Hrvoje Njiriç, born in Zagreb in 1960 and graduated from the Architectural Faculty of the University of Zagreb (1986). Between 1979 and 1986 he went into a partnership with Helena Njiric in Zagreb and Graz. He has been Visiting Professor at the TU Graz, Austria, the AF Ljubljana, the Facolta di Architettura, Ferrara, Italy and at the ETSAM Madrid. He also was professor and head of the Institute for Architectural Typologies and Housing at the TU Graz (successor of Guenther Domenig).
Since architects in the last century have been mostly focused on the city, a concern on inhabiting the countryside has remained very limited. Statistically, 50% of the world population still lives in the rural conditions and thus it is relevant to focus on these issues as well. Furthermore, we can trace an exodus of urban population toward the rural alternatives, motivated by radically different living conditions, by the economy of giving over their city dwellings to tourists and by the possibility to pursue the dream of an Arcadian welfare. We shall take this notion as a point of departure for our exercise and observe various durations of this voluntary drawback, be it for a weekend, for the summer or, fed up of urban frenzy, even permanently.
The village of El Atazar, 50 km north of Madrid, offers a perfect test-bed for our research. Protected by nature and legislation, it has to be maintained carefully – in terms of size and density. This terra incognita should be mapped with great precision. It would be wise to get rid of embedded preconceptions of village life, because nothing is really as it seems. The farmers have embraced the cutting-edge technologies to cultivate and produce, the new settlers have imported a number of typical urban activities to the countryside. Landscapes are digitally monitored and maintained, combined with industrial plants popping out everywhere and changing the perception of the territory. The land costs have reached new peaks and therefore our planning has to be driven by these circumstances. This is why we shall try to investigate to what extent dense collective housing schemes could be introduced into a typical single-family house environment.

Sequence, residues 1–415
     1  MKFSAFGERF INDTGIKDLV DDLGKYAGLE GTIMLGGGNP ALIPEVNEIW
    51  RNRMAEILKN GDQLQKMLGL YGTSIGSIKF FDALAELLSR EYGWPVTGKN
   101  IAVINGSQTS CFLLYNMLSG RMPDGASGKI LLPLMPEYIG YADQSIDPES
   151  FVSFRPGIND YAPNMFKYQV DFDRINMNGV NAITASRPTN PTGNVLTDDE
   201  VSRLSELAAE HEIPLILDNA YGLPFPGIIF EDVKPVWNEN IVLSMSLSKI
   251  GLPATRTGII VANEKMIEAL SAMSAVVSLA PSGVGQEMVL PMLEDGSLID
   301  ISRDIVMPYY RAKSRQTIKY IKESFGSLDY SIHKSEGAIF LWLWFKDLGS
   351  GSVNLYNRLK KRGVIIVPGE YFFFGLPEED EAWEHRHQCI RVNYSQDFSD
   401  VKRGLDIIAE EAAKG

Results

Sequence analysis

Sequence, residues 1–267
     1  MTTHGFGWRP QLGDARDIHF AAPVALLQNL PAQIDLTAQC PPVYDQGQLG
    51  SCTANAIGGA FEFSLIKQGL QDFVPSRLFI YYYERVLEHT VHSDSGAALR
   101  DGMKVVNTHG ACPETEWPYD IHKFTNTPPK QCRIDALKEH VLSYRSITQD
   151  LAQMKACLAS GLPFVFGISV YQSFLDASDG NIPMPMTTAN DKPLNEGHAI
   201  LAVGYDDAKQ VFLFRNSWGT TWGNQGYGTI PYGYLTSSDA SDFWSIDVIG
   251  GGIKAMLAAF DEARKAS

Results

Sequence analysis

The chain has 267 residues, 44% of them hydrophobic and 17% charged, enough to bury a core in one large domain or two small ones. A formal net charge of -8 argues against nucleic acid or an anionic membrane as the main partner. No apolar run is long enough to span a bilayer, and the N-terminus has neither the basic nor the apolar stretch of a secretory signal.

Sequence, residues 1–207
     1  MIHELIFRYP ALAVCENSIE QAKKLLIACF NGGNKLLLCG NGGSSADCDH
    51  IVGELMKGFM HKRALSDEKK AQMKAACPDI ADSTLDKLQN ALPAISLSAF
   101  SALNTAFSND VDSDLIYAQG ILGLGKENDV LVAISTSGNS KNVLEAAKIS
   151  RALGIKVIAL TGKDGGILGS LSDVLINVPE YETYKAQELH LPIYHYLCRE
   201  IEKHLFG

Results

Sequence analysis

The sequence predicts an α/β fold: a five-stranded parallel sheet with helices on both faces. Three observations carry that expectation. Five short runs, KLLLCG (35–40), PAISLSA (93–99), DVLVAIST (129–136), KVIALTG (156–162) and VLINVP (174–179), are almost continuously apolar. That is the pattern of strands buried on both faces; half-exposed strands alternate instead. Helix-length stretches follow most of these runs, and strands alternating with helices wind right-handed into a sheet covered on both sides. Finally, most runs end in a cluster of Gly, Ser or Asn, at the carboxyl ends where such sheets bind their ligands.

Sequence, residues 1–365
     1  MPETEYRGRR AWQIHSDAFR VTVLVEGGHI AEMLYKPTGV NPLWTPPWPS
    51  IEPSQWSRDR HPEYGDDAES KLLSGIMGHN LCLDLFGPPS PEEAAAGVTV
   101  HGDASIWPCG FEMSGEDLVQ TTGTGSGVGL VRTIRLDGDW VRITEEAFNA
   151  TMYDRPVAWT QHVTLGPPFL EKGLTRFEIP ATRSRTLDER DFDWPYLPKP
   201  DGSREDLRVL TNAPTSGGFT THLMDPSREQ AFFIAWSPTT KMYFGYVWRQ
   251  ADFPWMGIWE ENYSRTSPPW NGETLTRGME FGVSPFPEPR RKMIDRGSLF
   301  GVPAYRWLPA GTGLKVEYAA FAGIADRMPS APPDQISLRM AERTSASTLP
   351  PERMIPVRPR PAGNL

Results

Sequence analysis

Any similarity to the Neue Heimat movement from the 1920s in Germany, however motivated by a different ideology behind it, is worth considering. Any similarity to the utopian concepts of the 1960s would be welcome too. We should not forget to check out some of the Spanish efforts to repopulate the country such as those designed by Fernandez del Amo's Vegaviana. What typologies could be transferred from the city and what has to be conceived anew? How would different price categories influence the layout of the settlement? Could we take over the standard access and communication patterns from urban situations or shall we come out with some more appropriate repertoire of staircases, walkways, galleries and landings? It would be operative to understand our planning as a process, as a settlement that can grow or even shrink. What would be the extent of an initial phase? How to introduce and adjust the (semi)public domain into these configurations?
Finally, how could a concept such as the “slow living” influence our designs?